What is CSS or what is a CSS file? It’s a great way to separate web content from its design properties.
by Marcos Hernandez
First of all, what is CSS or what is a CSS file? A CSS (Cascading Style Sheet) file contains styles that reference a web page’s elements and areas with design properties such as fonts, colors, positioning, etc. CSS is universal on all web browsers and platforms and has been in use since 1994 (http://www.w3.org/Style/LieBos2e/history/). It’s a great way to separate web content from its design properties.
CSS table-less design means that instead of using table rows and columns to design a web layout, you use referencing ids and classes and give them design properties like height, width, color, etc. in an imported CSS style sheet. This same CSS sheet can be used through the site on several pages. The result is a web layout similar to a table layout, but with several benefits.
1. More Design Control.
CSS allows incredible design control as opposed to just using tables. CSS styles can go beyond dictating height, padding, etc. It allows you to be very specific in order to achieve the layout you want; position background images, give different border dimensions, apply different margins, or add padding for print-like, ‘illustrator’-like results. There are several other examples, of course. The possibilities are endless.
2. Easy Design Changes.
Suppose you are in charge of a large multi-page website. It’s a typical website; a header, two columns (a left column for navigation and wider right column for content) and a footer. This layout is pretty consistent throughout the pages of your site. Then you get an urgent call from management saying that they don’t like the powdered-blue background-color on the navigation bar and they want to change it to a pine-green.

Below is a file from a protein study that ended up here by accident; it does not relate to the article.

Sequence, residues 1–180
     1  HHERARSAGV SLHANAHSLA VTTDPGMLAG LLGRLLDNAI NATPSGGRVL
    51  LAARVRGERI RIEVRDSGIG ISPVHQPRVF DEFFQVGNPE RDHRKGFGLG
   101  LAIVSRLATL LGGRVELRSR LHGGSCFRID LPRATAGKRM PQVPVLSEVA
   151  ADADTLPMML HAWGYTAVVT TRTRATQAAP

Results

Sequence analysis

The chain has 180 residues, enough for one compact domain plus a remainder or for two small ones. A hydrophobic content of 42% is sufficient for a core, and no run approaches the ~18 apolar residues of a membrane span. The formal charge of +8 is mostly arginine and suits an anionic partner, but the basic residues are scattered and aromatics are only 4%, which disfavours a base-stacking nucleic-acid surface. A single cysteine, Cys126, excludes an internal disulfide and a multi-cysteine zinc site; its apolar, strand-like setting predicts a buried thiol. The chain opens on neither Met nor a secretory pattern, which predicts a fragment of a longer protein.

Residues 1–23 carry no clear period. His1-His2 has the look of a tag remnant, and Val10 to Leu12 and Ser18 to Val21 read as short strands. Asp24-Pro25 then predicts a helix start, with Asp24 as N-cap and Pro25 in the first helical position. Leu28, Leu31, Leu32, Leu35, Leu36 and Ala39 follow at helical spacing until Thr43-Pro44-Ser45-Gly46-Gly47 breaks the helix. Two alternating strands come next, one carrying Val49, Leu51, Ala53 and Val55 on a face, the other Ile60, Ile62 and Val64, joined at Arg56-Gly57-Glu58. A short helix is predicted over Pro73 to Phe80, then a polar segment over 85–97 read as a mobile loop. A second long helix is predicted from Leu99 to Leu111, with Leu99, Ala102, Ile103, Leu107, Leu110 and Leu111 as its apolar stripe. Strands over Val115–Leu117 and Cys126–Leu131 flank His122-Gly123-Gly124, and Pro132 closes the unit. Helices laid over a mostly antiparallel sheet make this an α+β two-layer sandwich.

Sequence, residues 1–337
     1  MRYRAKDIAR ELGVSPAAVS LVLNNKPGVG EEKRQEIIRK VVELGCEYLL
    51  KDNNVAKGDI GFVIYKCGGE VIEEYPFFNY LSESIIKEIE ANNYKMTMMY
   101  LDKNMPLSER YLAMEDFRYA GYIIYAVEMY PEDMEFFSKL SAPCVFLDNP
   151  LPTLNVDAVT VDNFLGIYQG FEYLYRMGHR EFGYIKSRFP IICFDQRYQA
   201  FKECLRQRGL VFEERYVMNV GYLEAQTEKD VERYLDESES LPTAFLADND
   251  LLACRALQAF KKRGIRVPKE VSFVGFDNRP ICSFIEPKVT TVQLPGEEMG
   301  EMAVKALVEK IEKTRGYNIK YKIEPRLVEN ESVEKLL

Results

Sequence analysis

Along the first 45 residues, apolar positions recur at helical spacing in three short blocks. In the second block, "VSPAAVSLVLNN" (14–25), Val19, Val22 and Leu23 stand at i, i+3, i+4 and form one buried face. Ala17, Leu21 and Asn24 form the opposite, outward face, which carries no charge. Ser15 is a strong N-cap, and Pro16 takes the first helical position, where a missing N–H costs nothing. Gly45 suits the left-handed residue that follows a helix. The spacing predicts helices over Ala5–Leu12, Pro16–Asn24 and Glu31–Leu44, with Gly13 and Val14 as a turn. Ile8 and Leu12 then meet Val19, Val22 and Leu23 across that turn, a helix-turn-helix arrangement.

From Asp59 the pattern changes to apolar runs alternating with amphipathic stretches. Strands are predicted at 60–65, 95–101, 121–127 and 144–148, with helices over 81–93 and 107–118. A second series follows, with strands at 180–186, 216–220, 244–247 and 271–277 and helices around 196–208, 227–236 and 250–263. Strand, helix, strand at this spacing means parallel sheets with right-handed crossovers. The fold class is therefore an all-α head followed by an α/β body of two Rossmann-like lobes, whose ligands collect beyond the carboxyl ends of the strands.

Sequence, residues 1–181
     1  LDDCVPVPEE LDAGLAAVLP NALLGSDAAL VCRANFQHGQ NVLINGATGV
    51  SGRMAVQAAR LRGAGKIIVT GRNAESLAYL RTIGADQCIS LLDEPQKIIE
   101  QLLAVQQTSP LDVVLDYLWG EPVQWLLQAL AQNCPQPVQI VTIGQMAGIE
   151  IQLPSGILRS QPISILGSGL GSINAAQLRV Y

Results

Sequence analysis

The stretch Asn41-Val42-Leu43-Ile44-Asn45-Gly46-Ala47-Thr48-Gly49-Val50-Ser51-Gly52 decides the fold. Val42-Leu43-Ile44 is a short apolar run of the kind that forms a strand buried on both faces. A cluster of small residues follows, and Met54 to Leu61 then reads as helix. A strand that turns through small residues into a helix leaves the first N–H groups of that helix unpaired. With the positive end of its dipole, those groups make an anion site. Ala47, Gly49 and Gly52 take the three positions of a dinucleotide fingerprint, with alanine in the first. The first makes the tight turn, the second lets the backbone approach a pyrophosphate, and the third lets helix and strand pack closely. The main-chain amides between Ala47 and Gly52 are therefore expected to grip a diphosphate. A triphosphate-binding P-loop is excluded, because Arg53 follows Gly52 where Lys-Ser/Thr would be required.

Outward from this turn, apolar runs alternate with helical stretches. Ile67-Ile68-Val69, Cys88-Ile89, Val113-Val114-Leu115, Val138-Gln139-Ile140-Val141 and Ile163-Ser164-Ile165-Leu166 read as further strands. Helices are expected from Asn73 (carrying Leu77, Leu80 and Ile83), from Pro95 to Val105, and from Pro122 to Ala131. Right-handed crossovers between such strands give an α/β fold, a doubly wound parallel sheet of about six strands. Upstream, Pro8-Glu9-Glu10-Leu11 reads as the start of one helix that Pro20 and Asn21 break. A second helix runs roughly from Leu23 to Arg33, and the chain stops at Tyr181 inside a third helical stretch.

If you don’t have style sheets you have to go to that particular table or <td> tag and change the background color on each page, which can take minutes or hours. If you do use style sheets you can find that particular style on the sheet and change the background color only once, saving you a lot of time.
3. Clutter-free HTML.
Website layouts with tables, especially with several nested tables, are cluttered with <table>, <td>, <tr> and <font> tags. This can make it difficult for someone other than the creator to edit a page.
With a table-less CSS design, you can not only lose the clutter, but you can organize the page for content. You can use simple id reference names to identify an area of the page. For example, <div id=”header”>, <div class=”footer”>. This can be a great guide for someone updating and maintaining a page.
Plus, a designer can lose the cumbersome design elements like spacer graphics and horizontal rulers because margins and borders can be dictated with CSS styles. CSS does more with less code.
Probably the most important benefit of CSS is that it separates the design from the content because all of the design elements are located in the CSS. This allows screen readers to read only content and not HTML tags and elements.
CSS pages also load faster. It may not make a big difference on broadband connections and new computers, but it makes a huge difference for older, slower computers and dial-up.
Having an accessible CSS site makes your site more universal and accommodates users of a broad demographic.
Thoughts on CSS
The world of web is always changing and involving, but CSS (all versions) can be one of the web’s few constants. If anything, there is a more of a need for CSS and table-less CSS design with the popularity of blogs and content-driven sites.
Here are some great sites on CSS and CSS layout design.
http://www.w3.org/TR/CSS-access - for basic info and standards
http://www.csszengarden.com/ - for inspiration
http://www.cssbeauty.com/ - for articles
http://www.alistapart.com/ - for coding tips